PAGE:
The Importance Of Selfishness In The Great Gatsby

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“Concerned exclusively with oneself: seeking or concentrating on one’s own advantage in disregard of others-” this is the definition of selfishness (Merriam-Webster 's Collegiate Dictionary, 2003). Self-centeredness can often cause people to be blind to those around them, and causes them to neglect others in pursuit of their own desires and wishes. Jay Gatsby only thinks of himself and views himself to be the center of his own reality he lacks the ability to think about how his actions affect those around him. In The Great Gatsby, Jay Gatsby’s ego and self-centered personality stifles any consideration he may have for others. Throughout the novel Gatsby’s actions towards others are used to support his own amusement and pleasure, and once that person served their purpose Gatsby cut them out of his life forever. Gatsby views himself as divine while his sense of self-importance makes him believe that he is above everyone else. At times Gatsby speaks of himself as though he were actually divine: "The truth...that he... Sprang from his Platonic conception of himself. He was a son of a God" (Fitzgerald 98). This causes him to view others as less important and provides him with…show more content…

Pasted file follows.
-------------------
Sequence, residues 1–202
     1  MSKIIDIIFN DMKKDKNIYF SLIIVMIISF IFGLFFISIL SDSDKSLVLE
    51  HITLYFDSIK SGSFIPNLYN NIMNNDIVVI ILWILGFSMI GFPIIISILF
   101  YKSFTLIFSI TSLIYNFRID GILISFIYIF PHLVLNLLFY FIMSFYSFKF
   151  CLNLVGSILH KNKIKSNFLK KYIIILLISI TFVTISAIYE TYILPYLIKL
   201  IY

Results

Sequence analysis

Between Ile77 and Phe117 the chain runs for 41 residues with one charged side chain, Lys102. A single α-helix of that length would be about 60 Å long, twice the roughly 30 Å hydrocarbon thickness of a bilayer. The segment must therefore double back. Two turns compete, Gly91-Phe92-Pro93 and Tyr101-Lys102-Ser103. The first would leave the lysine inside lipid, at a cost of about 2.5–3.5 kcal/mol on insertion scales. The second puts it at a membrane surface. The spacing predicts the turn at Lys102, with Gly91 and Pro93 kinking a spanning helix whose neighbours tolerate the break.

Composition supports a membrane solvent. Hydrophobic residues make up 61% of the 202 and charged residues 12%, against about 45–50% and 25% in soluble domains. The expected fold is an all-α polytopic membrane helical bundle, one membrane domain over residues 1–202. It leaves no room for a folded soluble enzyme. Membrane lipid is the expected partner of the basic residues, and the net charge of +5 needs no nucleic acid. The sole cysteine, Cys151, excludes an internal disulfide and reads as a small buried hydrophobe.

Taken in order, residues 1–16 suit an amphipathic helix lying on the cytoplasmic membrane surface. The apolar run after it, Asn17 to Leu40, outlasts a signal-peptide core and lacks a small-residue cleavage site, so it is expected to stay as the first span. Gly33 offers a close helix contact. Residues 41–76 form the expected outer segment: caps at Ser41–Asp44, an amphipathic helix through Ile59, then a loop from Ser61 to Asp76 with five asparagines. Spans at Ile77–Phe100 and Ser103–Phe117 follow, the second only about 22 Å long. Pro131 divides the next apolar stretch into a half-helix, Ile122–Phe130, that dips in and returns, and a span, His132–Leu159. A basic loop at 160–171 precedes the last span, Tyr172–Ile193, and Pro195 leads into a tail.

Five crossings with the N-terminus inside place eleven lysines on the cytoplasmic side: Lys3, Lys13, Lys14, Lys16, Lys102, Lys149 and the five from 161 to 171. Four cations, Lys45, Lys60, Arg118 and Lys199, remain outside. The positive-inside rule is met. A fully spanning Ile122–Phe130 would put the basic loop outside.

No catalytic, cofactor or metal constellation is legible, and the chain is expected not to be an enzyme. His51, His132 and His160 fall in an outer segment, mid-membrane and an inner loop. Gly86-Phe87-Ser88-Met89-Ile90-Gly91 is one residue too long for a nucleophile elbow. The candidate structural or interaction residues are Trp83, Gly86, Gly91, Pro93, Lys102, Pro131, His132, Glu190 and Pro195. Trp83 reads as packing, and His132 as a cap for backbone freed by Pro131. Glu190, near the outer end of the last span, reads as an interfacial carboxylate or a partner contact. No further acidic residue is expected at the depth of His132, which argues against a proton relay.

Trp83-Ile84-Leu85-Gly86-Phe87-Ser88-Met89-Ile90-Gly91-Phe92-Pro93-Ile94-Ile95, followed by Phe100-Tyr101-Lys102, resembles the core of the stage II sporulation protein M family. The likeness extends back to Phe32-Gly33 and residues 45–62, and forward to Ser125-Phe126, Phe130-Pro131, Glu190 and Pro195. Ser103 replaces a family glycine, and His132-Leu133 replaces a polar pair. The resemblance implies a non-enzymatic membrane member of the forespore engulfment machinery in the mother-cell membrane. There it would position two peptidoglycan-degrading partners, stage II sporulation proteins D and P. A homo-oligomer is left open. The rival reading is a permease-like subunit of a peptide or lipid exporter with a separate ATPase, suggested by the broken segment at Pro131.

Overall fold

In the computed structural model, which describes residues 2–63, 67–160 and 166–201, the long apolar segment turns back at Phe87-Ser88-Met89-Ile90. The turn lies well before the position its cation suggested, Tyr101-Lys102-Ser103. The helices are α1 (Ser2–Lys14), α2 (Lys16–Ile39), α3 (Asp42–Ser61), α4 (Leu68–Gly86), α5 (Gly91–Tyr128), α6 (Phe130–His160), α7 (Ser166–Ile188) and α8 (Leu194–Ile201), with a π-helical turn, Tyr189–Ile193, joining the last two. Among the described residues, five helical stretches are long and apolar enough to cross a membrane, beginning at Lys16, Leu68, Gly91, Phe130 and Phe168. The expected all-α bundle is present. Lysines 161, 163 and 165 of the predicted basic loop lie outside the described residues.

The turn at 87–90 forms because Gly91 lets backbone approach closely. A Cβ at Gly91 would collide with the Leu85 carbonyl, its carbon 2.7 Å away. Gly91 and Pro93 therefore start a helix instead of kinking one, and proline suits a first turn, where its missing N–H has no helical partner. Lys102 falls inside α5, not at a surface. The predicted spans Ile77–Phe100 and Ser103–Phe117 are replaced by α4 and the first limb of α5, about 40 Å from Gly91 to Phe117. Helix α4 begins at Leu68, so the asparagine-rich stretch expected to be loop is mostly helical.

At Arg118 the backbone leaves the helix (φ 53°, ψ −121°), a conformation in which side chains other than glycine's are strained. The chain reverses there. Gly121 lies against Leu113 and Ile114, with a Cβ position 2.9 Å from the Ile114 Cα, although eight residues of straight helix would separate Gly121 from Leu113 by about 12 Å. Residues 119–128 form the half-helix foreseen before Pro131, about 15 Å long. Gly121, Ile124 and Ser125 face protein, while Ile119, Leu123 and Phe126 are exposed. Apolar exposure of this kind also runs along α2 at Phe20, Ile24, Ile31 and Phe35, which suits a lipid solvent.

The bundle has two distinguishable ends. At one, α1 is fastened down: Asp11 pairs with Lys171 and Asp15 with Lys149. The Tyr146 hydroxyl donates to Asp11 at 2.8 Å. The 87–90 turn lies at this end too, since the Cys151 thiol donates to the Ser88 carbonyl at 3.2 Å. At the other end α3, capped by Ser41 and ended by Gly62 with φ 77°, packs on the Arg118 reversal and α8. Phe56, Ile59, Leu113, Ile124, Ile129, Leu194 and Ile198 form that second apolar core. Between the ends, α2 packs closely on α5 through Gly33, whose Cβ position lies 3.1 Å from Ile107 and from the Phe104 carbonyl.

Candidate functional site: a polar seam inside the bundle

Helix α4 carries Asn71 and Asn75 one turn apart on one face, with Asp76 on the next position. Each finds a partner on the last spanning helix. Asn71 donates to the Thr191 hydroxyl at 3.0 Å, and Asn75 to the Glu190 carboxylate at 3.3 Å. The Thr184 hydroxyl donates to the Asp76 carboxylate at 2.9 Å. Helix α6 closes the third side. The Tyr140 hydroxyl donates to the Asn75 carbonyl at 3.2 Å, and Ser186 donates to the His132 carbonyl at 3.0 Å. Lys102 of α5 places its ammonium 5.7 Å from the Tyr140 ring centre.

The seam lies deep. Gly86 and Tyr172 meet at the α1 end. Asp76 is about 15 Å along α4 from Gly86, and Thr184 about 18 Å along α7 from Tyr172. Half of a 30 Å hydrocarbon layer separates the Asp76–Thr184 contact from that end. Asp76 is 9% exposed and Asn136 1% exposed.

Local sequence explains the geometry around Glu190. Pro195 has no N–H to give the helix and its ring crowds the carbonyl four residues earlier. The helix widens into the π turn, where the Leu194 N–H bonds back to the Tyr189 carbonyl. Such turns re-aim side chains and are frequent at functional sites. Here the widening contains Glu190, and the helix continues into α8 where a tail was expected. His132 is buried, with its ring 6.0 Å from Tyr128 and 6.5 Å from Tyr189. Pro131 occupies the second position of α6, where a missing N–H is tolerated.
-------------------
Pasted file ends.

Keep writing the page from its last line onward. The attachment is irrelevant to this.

No one cares about Gatsby because he never made any worthwhile connections as doing so was never important to him. Instead, he only made superficial connections with people. In the latter parts of the book, we are given an almost hyperbolic example, when, "The minister glanced several times at his watch, so I took aside and asked him to wait for half an hour. But it wasn 't any use. Nobody came" (Fitzgerald 174). Throughout his life he was so selfish that even when he died only a few people came to his funeral. His lack of any worthwhile connections with people is a product of his selfish pursuits in life like Daisy and how he disregarded anything in his way simply to benefit himself. He had simply made connections that allowed him to use and benefit from people. His lack of

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